7. Respondents Keen on Innovation and Agile Governance

Respondents here are more keen to try practices such as design thinking (46%) and lean startup (40%). I do see a growing community in these areas in Singapore. Perhaps this might be the next in-thing here. Perhaps this is where most respondents are filling the pain – how to design the right product, and how to validate the design. This may also reflect the fact that the Singapore government is putting a lot of emphasis in these areas.

Next in line that respondents are keen to try include such as Agile Portfolio (39%), Agile Governance (35%), DevOps (32.5%). These practices have lots to do with how an organization operate as a whole than individual teams. This might be the barrier that respondents need to break out from.

8. Internal Waterfall Processes and Functional Silos Are Biggest Challenges

The journey towards agile is not easy. It is a mindset change for many. So, what are the roadblocks that respondents say they face (see Figure 8)?

Figure 8 – Challenges Respondents Faced

From Figure 8, it is clear that there are roadblocks everywhere, business, technical, organizational, competencies, etc., but the two seemingly biggest roadblocks are internal waterfall processes and department silos, both of which have most instances that stopped respondents completely. This is confirmation why respondents are keen to try practices such as Agile Portfolio, and Agile Governance, discussed earlier.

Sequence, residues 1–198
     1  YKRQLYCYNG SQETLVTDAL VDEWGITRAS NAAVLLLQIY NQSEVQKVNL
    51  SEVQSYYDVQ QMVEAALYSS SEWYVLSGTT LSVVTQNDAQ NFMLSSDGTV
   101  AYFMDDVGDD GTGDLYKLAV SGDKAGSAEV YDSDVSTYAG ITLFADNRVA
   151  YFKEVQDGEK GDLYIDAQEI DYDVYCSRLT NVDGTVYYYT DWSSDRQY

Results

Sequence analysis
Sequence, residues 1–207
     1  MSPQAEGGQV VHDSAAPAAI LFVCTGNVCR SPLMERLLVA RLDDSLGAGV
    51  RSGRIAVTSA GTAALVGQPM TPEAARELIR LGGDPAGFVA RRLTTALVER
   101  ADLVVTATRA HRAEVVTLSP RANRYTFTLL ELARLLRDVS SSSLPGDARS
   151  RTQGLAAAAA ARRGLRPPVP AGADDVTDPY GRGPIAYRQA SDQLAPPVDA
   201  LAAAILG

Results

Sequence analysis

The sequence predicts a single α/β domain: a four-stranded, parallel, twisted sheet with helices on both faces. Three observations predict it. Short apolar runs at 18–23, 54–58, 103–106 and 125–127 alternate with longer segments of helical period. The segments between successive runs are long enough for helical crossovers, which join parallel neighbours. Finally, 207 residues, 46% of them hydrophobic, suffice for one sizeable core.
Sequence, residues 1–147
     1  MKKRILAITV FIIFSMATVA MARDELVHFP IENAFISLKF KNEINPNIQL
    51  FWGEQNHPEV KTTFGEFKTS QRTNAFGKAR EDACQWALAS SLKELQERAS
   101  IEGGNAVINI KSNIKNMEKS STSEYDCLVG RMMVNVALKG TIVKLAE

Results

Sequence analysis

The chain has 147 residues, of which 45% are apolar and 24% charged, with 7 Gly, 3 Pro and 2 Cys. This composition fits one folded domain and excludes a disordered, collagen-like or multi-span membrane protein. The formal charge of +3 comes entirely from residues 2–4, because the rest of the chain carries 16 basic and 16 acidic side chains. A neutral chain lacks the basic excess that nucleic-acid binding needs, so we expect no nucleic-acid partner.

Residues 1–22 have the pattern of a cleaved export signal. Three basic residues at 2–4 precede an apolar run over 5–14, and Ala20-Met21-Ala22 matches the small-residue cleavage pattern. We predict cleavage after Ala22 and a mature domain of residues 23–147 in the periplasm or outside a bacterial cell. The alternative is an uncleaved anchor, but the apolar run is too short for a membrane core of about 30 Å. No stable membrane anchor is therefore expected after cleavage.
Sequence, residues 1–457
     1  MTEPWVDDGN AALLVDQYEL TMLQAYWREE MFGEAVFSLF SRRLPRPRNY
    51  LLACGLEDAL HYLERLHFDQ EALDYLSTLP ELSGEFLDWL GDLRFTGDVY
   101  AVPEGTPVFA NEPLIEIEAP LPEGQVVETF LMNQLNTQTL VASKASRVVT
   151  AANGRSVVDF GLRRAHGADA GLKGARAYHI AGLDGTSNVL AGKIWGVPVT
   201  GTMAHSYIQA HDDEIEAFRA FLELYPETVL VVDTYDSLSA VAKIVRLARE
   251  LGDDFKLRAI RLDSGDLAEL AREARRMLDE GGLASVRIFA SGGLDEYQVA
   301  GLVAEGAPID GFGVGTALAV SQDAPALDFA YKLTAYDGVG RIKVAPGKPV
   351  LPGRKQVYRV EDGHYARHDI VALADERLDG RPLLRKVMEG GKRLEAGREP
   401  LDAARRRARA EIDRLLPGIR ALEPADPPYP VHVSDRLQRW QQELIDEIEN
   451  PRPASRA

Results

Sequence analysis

From Figure 8, we see that the least among road blocks are executive support, and team competency. Executive support not being an issue seem counter-intuitive to me. I would guess that executive support are key to overcome internal process and department silo roadblocks. I know that poor team competency can be a major roadblock. But this apparently is not the case with our respondents! So, we do have great teams in Singapore. Few dysfunctional teams here!